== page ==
Andrew Howell said the retail space could be beneficial to people working in one of the several office buildings in the vicinity of the train station. Howell, who moved to North Quincy from Florida for a job near the T station, said those workers currently have to head to Milton or Dorchester on their lunch breaks for a healthy option.

“As a nearby homeowner I think from a property value stance it’s wonderful. It would look beautiful. It’s another close-by place to eat and shop,” Howell said.

“I’m very much in favor of the project. I think it will be a great addition to North Quincy. I’ve seen just in the five or six years I’ve lived here the investment that’s gone into Quincy Center and how much more frequently I’m down here eating at all the new restaurants and actually going out in downtown Quincy rather than Boston.”

Maureen Conway, a member of the bicycling advocacy group Quincycles, said the organization is happy to see the developers prioritize safety for pedestrians and cyclists who plan on accessing the station.

“We’re very pleased on the focus on pedestrian safety and cycling safety,” she said. “It would be great if we could encourage more folks to not only walk to the T station, but to cycle…It is our hope that more people will cycle back and forth to the T station, reducing traffic.”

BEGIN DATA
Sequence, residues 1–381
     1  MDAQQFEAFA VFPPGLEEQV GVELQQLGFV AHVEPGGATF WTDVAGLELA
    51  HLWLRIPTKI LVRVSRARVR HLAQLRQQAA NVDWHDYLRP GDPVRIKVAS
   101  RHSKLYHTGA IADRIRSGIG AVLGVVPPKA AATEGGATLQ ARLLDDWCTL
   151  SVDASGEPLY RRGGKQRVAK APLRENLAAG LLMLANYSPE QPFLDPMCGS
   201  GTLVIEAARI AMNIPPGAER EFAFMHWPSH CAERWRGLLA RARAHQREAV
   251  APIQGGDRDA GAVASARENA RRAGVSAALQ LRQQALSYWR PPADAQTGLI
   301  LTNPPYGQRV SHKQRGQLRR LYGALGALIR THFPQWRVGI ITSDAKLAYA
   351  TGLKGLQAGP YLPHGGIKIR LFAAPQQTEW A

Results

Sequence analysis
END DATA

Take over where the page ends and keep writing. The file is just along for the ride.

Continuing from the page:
Tom McFarland said the project would improve one of the main entrances to the city.

“I’m so happy to see this type of investment,” he said. “[It will] really clean up the city’s gateway. It’s what you get when the state and the city and the T get together and design transit-oriented housing.”

John Rodophele said he liked the look of the proposed development, but would prefer to see the commercial building at 275 Hancock St. – adjacent to the project site but not included in it – razed to make way for open space.

“That would make a beautiful park,” he said. “That would be something I wholeheartedly support.”

Ward 1 Councillor Margaret Laforest echoed the sentiments of those who spoke before her, saying the project would provide new transit-oriented housing and retail to serve the neighborhood. Additionally, she said the project would be beneficial in terms of stormwater management because new drains lines will be installed and the amount of asphalt on site reduced.

“I do want to be here tonight to support this project – to support development in the gateway to our city,” Laforest said. “We need to take advantage of this opportunity to make the improvements. We all know Quincy’s potential – the sky is the limit – and this is a really great kick-off to our transit development.”